Our vision for a just future
1. Abolish pre-crime preventative detention laws
2. Free our friends and loved ones from dehumanizing labels
3. Realign our justice system with the values of restoration and reintegration
Just Future Project is a new initiative focused on challenging pre-crime preventative detention laws. We are a people-driven grassroots advocacy campaign dedicated to building a movement of community members demanding an end to indefinite detention regimes.
Why Is This Important?
Pre-crime preventative detention systems are a dangerous departure from the traditional values of our legal system.
We believe in justice, that persons who have caused harm may be held accountable for their actions. But justice also demands proportionality and due process, elements essential to distinguish justice from mere vengeance. The goal of any true system of justice must be restoration and re-integration, not the perpetual containment and incapacitation that have come to define the U.S. criminal legal system.
Shadow prisoners held for “treatment” at CNYPC in Marcy, NY experience conditions of confinment more explicitly punitive and restrictive than those in the actual prison system in New York. A new letter to state elected officials from people living behind the walls describes the desperation that pervades systems of pre-crime preventative detention in the U.S. Ever wonder why we at Just Future use the term “shadow prisoners” to refer to people in so-called “sex offender civil commitment” facilities? Read this letter.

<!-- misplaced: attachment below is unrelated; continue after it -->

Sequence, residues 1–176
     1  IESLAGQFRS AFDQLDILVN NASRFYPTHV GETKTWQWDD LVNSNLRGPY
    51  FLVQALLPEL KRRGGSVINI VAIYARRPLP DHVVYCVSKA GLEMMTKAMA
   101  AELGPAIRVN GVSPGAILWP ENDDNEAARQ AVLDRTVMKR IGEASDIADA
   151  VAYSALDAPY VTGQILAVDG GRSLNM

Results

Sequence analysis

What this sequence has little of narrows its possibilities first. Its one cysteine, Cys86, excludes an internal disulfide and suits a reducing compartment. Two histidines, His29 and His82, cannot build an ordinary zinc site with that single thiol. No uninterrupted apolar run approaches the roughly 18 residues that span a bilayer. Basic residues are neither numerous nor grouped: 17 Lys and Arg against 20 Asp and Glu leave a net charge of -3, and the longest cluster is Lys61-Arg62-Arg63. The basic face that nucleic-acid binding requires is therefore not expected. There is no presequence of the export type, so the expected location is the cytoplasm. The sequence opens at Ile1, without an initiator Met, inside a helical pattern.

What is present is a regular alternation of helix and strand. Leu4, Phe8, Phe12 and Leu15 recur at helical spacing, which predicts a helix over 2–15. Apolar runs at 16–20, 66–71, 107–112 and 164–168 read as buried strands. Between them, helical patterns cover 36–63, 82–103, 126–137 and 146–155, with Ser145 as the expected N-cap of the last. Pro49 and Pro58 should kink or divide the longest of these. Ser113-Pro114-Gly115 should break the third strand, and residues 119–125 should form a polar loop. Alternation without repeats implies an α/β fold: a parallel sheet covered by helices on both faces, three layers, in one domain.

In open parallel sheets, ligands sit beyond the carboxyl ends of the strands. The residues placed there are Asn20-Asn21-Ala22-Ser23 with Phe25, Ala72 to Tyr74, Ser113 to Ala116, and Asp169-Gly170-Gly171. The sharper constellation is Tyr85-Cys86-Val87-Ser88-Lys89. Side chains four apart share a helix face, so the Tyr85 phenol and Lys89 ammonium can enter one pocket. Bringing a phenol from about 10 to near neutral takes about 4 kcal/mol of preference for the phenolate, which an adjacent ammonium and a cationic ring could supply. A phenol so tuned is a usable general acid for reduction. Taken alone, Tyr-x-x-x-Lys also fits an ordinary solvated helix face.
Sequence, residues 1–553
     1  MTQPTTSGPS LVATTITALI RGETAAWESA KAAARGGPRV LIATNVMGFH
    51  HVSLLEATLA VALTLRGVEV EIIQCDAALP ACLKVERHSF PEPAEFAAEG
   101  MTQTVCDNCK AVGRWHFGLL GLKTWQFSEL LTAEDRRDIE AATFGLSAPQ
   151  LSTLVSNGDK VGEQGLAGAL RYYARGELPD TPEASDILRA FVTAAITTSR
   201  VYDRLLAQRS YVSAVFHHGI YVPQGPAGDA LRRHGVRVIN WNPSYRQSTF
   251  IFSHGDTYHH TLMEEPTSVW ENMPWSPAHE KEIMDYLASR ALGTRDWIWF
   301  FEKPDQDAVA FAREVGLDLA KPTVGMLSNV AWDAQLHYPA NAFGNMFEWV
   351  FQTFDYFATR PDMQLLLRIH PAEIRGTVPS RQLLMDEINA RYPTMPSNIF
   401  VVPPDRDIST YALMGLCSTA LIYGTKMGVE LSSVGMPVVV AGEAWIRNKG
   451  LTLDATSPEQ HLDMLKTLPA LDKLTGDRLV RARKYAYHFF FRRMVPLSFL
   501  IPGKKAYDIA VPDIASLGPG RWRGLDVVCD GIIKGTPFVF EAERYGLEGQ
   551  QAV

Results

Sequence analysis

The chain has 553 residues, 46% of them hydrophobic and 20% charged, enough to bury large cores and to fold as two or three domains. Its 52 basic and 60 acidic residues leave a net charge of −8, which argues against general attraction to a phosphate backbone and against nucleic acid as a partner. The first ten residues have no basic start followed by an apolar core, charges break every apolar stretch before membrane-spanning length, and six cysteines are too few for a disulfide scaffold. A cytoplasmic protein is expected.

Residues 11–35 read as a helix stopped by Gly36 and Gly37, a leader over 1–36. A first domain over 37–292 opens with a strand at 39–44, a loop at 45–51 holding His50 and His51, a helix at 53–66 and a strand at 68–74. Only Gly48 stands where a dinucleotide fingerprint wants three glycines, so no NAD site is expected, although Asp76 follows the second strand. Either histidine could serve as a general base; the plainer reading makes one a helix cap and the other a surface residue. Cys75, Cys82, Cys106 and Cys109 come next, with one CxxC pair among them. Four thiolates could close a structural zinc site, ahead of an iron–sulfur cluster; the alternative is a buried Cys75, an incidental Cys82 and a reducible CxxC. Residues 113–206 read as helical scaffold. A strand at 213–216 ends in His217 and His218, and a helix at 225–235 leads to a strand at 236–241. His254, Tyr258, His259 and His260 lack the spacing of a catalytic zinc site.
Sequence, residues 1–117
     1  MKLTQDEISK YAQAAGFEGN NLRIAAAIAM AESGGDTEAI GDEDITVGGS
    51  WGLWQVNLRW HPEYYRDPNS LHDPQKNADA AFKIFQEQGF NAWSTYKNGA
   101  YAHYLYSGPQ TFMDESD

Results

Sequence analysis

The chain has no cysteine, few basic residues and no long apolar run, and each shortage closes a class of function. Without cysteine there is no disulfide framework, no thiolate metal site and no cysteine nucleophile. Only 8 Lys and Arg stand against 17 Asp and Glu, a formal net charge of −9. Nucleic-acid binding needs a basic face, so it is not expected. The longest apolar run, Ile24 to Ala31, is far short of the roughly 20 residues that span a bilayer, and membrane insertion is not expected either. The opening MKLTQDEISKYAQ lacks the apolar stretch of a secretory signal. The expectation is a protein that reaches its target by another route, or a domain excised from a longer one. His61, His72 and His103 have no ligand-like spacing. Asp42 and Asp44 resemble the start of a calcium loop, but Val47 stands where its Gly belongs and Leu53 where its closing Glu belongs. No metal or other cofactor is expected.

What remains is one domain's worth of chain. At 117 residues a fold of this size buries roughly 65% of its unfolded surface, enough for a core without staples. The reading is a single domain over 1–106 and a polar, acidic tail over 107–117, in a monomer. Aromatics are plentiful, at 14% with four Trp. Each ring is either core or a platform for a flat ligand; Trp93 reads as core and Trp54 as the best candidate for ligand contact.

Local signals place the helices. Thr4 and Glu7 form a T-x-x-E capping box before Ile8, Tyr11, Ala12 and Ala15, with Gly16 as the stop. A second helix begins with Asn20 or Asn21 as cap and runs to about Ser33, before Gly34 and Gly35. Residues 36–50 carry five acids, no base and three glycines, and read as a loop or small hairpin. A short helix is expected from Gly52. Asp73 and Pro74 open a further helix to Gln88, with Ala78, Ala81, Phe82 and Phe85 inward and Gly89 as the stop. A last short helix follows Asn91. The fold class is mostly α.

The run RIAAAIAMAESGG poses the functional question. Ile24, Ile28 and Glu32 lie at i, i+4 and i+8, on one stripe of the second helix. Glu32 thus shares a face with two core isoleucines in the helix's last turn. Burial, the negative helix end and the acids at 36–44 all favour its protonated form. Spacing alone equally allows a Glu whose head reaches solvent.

Last month, Virginia Attorney General Mark Herring (D) succeeded in his aim of incarcerating a gay man indefinitely for sending text messages. AG Herring maintains the man – who has never been accused or arrested for any act of violence – is a “Sexually Violent Predator.” Virgina’s treatment of Galen Baughman, now 36,has attracted protests from LGBT and criminal-justice groups, and at least one Virginia lawmaker. His case highlights the dangers of Orwellian civil-commitment laws that allow indefinite confinement of people to prevent possible future offenses.
.@MarkHerringVA has made exceptionally strong statements on ways to improve our criminal justice system. Civil commitment, however, is an area where Va law and enforcement is an injustice and a violation of civil rights. Here’s a prime example: https://t.co/7kVW1wDSIg — Patrick Hope (@HopeforVirginia) August 24, 2019 Philip Fornaci and Roger Lancaster followed up their Aug 24, 2019 WaPo article with the following message after the jury verdict, that we are including here as a preface. Their message originally appeared on the ncrj web site: On October 17, 2019, after a two-week civil trial in Arlington County, Virginia, a…